Run the program (the example is given for the latest version 1.0, released on October 17, 2013 and available at the above link) and do the following simple steps:
- Select the required USB drive (Please note that all other data from it will be deleted).
- Check Auto format it with FBinst.
- Check Linux ISO / Other Grub4dos compatible ISO and specify the path to the Ubuntu disk image.
- A dialog box will appear asking what to name this item in the boot menu. Write something like Ubuntu 13.04.
- Press the “Go” button, Confirm that you are aware that all data from the USB drive will be deleted and Wait until the process of creating a bootable flash drive is completed.
This is done. The next step is to go into the computer BIOS and install the boot from the newly created distribution kit there. Many people know how to do this, and for those who do not know, I refer to the instructions How to boot from a USB flash drive into BIOS (opens in a new tab). After the settings are saved, and the computer restarts, you can proceed directly to the installation of Ubuntu.
That’s all. Now, after the computer has been rebooted, you will see the menu for choosing the boot of Ubuntu (in various options) or Windows, and then, after entering the user password, the operating system interface itself.
The next important steps are to set up an Internet connection, and let the OS download the necessary packages (in which it will inform itself).
Installing Ubuntu from a USB stick
Greetings to all those who decided to join the humanistic philosophy and install the Linux Ubuntu operating system on their computer. The Ubuntu operating system has its advantages over Windows 8, which we reviewed recently. If the installation of Windows 8 does not raise questions for many users, then the installation of Ubuntu has some differences and difficulties. That is why below we will Give you instructions for installing Ubuntu from a USB flash drive in pictures.
Before installing Ubuntu, we recommend testing it without installing, running this operating system from a flash drive or disk. What for? If you have never used or have not worked with the latest versions of Ubuntu for several years, then it has changed quite a lot, so you need to try it out before changing the system. If you like Ubuntu and want to completely abandon Windows, then we proceed to prepare its installation.
Preparing to Install Ubuntu
The preparation process is a mandatory stage, which consists of several procedures: downloading the installation image, writing it to the media, and also re-saving data from the Hard Disk.
Downloading the Ubuntu installation image
You can download the distro image using a torrent by visiting the download page on the official Ubuntu website.
The experts of the Masterservis24.Ru website recommend downloading the image from the “Newest Release” section marked “Raring Ringtail”, where you will also need to select the desired operating system bit (x32 or x64) and load the image itself.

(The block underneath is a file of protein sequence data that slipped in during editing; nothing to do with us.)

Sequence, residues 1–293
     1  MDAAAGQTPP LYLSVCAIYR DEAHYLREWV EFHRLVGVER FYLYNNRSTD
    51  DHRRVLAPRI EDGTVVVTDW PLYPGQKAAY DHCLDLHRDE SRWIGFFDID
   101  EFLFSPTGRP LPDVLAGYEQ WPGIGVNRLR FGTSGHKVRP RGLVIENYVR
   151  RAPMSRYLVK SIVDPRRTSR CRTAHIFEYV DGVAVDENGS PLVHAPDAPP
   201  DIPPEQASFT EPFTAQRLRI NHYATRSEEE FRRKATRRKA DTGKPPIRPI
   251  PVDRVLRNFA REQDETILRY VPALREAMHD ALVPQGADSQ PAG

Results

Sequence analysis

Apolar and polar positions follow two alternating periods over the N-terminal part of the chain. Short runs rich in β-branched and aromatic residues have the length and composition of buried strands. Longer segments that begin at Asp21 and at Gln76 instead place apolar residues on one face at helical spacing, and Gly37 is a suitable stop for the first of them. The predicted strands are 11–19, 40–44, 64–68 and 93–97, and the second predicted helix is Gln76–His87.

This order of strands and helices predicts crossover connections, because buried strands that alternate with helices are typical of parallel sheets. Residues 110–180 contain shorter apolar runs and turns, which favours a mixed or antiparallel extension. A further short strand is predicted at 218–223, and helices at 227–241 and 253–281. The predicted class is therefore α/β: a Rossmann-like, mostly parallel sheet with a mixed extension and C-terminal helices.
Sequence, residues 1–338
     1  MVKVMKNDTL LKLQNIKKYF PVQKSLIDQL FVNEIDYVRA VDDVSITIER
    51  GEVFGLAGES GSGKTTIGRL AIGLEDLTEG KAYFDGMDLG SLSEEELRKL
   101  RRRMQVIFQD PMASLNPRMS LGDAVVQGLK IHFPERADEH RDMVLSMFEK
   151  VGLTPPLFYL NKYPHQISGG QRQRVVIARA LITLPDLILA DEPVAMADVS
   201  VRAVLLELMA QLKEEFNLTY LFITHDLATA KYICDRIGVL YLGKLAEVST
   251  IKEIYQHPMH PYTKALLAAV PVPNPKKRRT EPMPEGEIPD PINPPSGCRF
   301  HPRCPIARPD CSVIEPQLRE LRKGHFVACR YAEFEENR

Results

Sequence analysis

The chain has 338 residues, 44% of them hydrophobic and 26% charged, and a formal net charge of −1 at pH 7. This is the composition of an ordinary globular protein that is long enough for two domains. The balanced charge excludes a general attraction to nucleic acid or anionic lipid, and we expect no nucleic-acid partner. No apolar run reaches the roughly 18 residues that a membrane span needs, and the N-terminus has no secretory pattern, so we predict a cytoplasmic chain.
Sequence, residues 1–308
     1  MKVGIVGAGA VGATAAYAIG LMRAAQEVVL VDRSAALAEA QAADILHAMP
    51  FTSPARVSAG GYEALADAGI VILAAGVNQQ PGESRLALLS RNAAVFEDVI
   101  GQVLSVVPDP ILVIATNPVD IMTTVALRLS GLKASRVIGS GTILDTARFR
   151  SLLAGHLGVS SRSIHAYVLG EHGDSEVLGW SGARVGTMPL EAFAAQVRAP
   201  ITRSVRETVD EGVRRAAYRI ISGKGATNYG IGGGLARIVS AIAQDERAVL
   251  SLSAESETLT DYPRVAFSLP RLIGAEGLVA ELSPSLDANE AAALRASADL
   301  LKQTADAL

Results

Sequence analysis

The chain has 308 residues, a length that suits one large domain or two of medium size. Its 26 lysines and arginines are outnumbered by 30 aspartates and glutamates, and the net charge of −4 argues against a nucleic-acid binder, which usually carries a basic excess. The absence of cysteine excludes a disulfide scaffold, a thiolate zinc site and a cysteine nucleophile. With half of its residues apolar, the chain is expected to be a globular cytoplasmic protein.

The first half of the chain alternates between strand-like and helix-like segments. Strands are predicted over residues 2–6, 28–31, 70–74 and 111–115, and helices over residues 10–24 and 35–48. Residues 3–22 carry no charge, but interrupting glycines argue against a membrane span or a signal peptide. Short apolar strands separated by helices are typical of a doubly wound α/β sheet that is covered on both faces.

How to burn an Ubuntu image to a USB flash drive?
Almost all of our readers know how to write an image to a disk, but hardly anyone wrote an image of an operating system to a USB flash drive. Writing an image to a USB flash drive is quite simple, for this you need the Universal USB Installer program, which can be downloaded absolutely free on the program’s official website. The installation of this program will NOT take a long time, you just need to specify the path where the program will be installed, as well as Read and accept the terms of the licensed agreement. Then, launched the program, you will see the window, which is located in the picture below.
Now we directly proceed to the process of recording the image to the USB flash drive:
- Step one. First, you need to select the operating system that you want to write to the USB flash drive.
- Step two. Point the program to the Ubuntu image.
- Step three. Specify the letter under which the USB flash drive you need to record the image is located.
- Step four. Check the correctness of the settings and click on the “Create” button.
In a few minutes, the Ubuntu distribution will be written to the USB flash drive, and you can start installing the operating system. It is important to note that to record an image, you will need an 8GB flash drive, while you need to choose the right flash drive according to the parameters, we already wrote about this in one of our articles.
If you decide to completely switch to Linux Ubuntu, we recommend formatting the entire hard drive for convenient work with the operating system, since the ext4 file system it uses differs from NTFS in its structure. We will tell you more about this in the article titled: How to Format a Hard Drive. In order to completely format the hard disk, re-save all your data from the D disk to a third-party media (for example, DWD disks) in advance. If you DO NOT want to format the Hard disk partition with data, then we leave it, re-saving only the data from the disk “C”.
Boot Loader Configuration in BIOS
The final stage of preparation for installation will be configuring the bootloader in the BIOS, in which it will be necessary to install the USB flash drive as the primary device for booting, and the hard disk as a secondary one. To do this, insert the USB flash drive into the USB connector of the computer, restart the PC and hold down the key “Delete” on keyboard. In the BIOS menu that appears, select the “Boot” option. In the “1st Boot Device” field, specify “USB-HDD”, and in the “2nd Boot Device” field. “Hard Drive”. Then exit the BIOS by selecting “Save and Exit”. When all of the Above actions are performed, we proceed to the process of installing the system.
Installing Linux Ubuntu